Secondly, after they step on a foreign soil, Canada in this case, attempts at alienation come from several expected and unexpected quarters. They get dehumanizing looks and insulting remarks at every turn from the Sikhs and non-Sikhs alike. Instead of developing some support system, the Sikhs in Canada, including those who claim to fight for the Sikh sovereignty, have failed the newcomers on the student visas. Not a single Sikh Gurdwara has offered any support system or scholarships to the Sikh students from Punjab. Because the immense self-hate that has consumed the community members controlling the management committees occasionally spills over and starts stigmatizing an already vulnerable subsection of their own community. Instead of threatening them with deportations, we need to welcome them with open arms and hearts as our brothers and sisters, our sons and daughters. We need to start the scholarships for bright students, set up job placement centers at Gurdwaras for them and help them in every way we can. Based on my experience as a teacher with some of these students, I can assure everyone concerned that our affective steps can cure every flaw and weakness they have. Don’t we remember that nothing good comes from hate, whether it is directed towards oneself or the other? Self-hate, just like the hate for the other, dehumanizes the hater first. In welcoming and embracing international students, Canadian Sikhs would be doing a great favor to themselves as well.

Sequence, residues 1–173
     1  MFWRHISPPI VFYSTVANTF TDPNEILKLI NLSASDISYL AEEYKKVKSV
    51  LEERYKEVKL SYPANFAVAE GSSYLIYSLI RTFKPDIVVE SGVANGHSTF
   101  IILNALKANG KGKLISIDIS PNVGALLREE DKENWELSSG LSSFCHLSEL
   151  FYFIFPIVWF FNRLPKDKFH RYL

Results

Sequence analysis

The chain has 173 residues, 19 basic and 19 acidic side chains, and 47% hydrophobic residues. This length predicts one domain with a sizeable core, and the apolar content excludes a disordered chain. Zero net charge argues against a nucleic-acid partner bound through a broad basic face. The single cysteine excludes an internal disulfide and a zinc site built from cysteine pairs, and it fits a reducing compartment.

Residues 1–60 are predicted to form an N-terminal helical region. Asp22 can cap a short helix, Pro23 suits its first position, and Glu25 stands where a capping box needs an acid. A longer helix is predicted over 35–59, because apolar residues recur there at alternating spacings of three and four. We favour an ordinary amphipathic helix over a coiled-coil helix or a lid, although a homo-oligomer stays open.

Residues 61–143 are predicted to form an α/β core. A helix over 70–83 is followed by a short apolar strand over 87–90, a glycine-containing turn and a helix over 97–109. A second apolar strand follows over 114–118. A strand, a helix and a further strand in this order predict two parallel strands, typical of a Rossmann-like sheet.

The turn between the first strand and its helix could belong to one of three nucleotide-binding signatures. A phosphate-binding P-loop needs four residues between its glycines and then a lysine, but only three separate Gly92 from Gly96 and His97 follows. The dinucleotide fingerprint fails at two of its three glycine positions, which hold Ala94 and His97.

Prabhsharanbir Singh is Doctoral Candidate for Interdisciplinary Studies Graduate Program at University of British Columbia. Follow him on twitter @prabhsharanbir. 

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Last modified on Thursday, 28 June 2018 22:41